English is having a huge influence on written French (in France) nowadays – it is not just the influx of English words used in spoken French and in some printed media (eg. popular magazines), but also the syntax of written French, as a result of the number of texts translated from English, many of them too literally translated, either by overworked professionals having to meet deadlines or by persons who can more or less read English but do not know the subtleties of the language. An example of this is the use of C’est to translate not only It is but This is and That’s, for instance in front of what X said. The result is often “repulsive in style and rhythm” indeed, and such errors not only destroy the flow of a sentence or paragraph but also lead to outright distortions of the meaning.

  15. David Marjanović says:

    I thought I could just translate my already written English-language letter, but that did not work at all – I had to compose an entirely new letter in French.


  16. marie-lucie says:

    Because the sentence structure, if translated too closely, was all wrong (and also the general style appropriate to such a letter). The two languages are only superficially similar – they have the same basic SVO (Subject – Verb – Object) structure, and a lot of intellectual vocabulary in common, so that it seems possible to translate word for word in most cases, but the order of presentation of the elements of the sentence can be quite different. This is one more case where literal translations from English lead to a “repulsive rhythm”, etc which is now becoming the norm in some French writing. I don’t mean that English rhythm, etc is repulsive, but each language has not only its own logic but also its own aesthetics, and you can’t just superimpose the one on the other (a poor translation from French into English also has “repulsive” characteristics).
    As an example: in English noun-phrases adjectives are placed before the noun, and you can pile up a large number of adjectives and other modifiers, some of them quite complex, between an article and a noun. In French most of these elements are either placed after the noun, or mentioned separately before or after introducing the noun-phrase. So English is more compact, but French allows more variety in structure as well as more leisurely description. In English media we often find sentences introducing a person in terms such as “The British-born, Oxford-educated, twenty-eight-year-old movie actor …..”, for which the traditional French equivalent would be something like: “Né en Angleterre, âgé de vingt-huit ans, cet acteur de cinéma, après des études à Oxford, …” (and the various modifiers separated by commas could be placed differently depending on the author’s desire to emphasize different descriptors), but now you read things like: “L’acteur de cinéma de 28 ans, né en Angleterre et éduqué à Oxford, …”, with all the modifiers together after the noun, and none of the variety possible when most of the modifying elements are separated. Moreover, the English article the is translated as a French article, whereas traditional French uses the weak demonstrative ce(t) since the name of the person has already been mentioned: using the article in French makes it sound as if this description was intended not just to describe the person but to identify him as opposed to others with similar characteristics (ex l’acteur de 28 ans as opposed to l’acteur de 40 ans). This is one of many, many instances where closely following English results in a flat, colourless style, a sentence that seems to go too fast, and a slight distortion of the meaning.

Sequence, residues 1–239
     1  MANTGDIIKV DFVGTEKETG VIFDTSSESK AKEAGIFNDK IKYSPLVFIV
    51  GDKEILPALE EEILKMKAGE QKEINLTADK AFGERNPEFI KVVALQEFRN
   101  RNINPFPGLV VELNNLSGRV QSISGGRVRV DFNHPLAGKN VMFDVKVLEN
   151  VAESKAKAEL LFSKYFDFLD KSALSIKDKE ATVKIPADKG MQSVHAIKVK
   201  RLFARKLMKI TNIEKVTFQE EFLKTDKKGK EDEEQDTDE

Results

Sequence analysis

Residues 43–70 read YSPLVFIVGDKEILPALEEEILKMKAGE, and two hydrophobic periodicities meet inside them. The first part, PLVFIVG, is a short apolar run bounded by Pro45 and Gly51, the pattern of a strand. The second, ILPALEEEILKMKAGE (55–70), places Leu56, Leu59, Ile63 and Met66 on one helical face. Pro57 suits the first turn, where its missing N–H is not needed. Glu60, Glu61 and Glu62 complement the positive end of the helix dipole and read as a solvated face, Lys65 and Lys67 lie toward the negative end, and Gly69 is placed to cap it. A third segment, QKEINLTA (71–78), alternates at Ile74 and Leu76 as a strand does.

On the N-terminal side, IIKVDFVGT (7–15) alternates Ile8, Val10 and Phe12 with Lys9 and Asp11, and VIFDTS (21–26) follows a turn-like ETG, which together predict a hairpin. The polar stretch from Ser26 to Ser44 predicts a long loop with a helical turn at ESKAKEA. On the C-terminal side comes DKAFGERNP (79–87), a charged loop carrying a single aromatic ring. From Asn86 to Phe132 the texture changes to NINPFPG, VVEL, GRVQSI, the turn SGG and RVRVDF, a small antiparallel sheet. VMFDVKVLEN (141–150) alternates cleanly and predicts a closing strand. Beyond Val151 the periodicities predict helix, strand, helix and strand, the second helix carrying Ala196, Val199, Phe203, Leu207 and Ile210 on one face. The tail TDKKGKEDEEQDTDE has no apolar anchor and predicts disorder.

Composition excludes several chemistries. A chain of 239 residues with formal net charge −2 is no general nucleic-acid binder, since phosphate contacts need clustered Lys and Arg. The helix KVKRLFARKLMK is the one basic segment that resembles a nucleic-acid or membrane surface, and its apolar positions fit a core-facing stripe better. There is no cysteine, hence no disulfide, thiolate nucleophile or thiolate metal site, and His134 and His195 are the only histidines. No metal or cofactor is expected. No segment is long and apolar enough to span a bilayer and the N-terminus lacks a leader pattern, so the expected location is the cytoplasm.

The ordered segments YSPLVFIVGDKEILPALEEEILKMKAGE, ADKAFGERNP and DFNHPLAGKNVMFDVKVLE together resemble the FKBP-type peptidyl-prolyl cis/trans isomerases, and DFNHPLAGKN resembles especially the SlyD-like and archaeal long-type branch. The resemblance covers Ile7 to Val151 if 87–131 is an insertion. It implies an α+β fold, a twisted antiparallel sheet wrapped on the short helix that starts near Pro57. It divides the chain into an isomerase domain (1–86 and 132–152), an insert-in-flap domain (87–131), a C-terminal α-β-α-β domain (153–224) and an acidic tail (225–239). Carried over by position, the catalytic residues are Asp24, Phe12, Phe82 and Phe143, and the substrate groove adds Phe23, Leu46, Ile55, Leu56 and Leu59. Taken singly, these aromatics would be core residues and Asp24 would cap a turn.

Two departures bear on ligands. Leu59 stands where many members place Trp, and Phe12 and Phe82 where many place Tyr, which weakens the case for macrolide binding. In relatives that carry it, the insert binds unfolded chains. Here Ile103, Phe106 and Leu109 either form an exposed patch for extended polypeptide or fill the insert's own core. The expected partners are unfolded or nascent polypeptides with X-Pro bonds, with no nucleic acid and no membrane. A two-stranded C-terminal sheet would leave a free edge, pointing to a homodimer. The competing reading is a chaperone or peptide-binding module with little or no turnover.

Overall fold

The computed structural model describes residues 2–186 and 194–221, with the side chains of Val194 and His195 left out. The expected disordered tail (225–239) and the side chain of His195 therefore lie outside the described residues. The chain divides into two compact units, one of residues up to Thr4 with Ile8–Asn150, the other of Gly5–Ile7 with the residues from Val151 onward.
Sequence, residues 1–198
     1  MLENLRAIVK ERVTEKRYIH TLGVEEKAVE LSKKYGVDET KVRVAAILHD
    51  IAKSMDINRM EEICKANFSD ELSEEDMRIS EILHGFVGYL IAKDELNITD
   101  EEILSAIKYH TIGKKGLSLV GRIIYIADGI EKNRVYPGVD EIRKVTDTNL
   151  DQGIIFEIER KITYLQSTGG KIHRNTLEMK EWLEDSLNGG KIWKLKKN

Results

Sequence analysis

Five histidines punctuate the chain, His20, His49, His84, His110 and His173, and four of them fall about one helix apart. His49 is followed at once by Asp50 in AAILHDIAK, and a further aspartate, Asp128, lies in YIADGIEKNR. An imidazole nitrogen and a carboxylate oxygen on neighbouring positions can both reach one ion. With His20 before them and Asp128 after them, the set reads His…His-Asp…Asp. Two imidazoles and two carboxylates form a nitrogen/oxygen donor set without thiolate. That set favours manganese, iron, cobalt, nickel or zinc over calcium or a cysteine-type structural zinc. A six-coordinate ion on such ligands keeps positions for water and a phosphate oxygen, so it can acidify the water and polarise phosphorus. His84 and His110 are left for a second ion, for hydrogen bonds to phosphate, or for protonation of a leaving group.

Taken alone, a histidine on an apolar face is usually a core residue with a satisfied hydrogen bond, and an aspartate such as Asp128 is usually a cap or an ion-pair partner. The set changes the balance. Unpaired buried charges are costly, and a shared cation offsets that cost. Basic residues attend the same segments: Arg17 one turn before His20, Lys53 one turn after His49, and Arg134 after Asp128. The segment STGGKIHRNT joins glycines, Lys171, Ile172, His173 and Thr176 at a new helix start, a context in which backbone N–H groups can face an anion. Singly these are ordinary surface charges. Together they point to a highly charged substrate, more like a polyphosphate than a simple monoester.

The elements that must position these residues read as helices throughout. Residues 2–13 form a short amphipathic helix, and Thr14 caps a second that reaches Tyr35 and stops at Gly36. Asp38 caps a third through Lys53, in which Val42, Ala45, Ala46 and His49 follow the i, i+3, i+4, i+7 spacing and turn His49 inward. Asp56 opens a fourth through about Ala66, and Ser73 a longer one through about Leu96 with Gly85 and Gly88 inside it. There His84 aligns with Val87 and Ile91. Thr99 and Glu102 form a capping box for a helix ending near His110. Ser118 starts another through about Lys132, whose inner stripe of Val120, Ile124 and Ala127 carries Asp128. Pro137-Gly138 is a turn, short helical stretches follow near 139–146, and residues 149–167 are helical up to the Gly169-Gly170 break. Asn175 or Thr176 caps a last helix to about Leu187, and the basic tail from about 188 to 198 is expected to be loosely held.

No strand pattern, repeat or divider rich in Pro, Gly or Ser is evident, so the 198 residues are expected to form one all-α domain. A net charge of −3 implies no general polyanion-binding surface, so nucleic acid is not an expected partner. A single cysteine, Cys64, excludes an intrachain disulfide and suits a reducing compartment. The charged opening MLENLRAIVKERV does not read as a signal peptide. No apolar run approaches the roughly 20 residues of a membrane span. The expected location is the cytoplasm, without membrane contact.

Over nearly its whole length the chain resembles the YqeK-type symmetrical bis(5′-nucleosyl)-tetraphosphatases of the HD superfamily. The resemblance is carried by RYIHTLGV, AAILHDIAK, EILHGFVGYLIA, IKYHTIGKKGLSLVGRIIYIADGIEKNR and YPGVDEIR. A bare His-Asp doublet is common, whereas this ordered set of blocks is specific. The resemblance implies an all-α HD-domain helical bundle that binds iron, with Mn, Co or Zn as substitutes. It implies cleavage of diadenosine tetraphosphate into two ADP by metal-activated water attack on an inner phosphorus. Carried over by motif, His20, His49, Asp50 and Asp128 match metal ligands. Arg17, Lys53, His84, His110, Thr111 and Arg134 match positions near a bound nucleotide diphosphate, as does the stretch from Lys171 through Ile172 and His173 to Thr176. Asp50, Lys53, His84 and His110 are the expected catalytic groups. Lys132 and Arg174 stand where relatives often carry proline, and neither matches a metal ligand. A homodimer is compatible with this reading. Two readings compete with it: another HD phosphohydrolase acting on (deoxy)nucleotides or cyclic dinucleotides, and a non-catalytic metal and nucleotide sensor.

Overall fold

People from France used to find official Canadian French (ex. on government documents or public signs) stilted and unnatural, but now they are taking on the same characteristics from English syntax. I find this much more insidious and annoying than simply the use of English words in otherwise French sentences.

  17. michael farris says:

    Similarly in Polish, an avalanche of overly literal translations* is affecting Polish syntax and other questions of style.
    Polish people over 50 or so find the expression ‘miło cię widzieć’ (a calque of ‘nice to see you’) as awful sounding, while it’s completely natural to almost all my students (not anything they’d say, but it sounds fine to them in translated material).
    Also overuse of words like ‘rzecz’ (thing) and ludzie (people) and use of second person as an impersonal form are more and more common.
    *partly due to quality control issues, partly because local taste often runs to literal rather than idiomatic translations

  18. I read an interesting post, probably on this very blog, about how dubbing movies and television from English into German was subtly effecting the German language since the translators often rely on calques to get the sound synched up. For example dubbing “Oh my God!” as “Oh mein Gott!” instead of something more traditionally German like “Ach du lieber Gott!”.